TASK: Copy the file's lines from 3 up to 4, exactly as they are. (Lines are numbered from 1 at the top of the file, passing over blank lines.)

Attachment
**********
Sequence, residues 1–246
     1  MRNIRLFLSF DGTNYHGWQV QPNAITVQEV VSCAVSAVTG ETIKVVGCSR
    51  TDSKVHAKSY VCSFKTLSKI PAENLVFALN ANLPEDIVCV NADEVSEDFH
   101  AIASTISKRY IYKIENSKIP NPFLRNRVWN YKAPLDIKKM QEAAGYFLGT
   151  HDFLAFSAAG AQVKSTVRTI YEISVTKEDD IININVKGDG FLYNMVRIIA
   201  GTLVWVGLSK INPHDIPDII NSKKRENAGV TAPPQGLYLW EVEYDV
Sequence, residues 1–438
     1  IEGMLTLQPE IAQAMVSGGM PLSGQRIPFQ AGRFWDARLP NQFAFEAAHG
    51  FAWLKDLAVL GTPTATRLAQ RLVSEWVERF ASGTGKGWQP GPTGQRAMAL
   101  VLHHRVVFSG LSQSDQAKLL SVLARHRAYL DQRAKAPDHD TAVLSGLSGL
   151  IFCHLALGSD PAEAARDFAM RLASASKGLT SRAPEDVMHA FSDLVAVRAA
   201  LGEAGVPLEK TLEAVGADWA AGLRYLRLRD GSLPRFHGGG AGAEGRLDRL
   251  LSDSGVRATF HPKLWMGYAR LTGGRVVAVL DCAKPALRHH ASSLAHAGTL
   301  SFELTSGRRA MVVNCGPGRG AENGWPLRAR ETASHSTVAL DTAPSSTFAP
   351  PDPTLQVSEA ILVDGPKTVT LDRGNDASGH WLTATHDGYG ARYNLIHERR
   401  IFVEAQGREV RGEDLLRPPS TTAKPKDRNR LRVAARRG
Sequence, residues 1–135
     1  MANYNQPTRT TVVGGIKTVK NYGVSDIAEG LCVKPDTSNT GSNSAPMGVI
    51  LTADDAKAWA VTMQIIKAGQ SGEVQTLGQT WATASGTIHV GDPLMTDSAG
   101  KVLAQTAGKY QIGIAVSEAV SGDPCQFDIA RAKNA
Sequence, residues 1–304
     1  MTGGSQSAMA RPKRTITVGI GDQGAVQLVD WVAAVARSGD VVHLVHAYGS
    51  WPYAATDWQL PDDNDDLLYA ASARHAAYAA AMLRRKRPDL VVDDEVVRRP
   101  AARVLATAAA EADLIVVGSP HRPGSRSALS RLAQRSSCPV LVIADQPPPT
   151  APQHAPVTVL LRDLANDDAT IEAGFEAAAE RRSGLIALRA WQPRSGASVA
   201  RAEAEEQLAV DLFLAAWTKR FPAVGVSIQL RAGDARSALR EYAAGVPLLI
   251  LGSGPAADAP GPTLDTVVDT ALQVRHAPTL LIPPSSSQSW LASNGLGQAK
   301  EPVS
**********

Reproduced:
    51  TDSKVHAKSY VCSFKTLSKI PAENLVFALN ANLPEDIVCV NADEVSEDFH
   101  AIASTISKRY IYKIENSKIP NPFLRNRVWN YKAPLDIKKM QEAAGYFLGT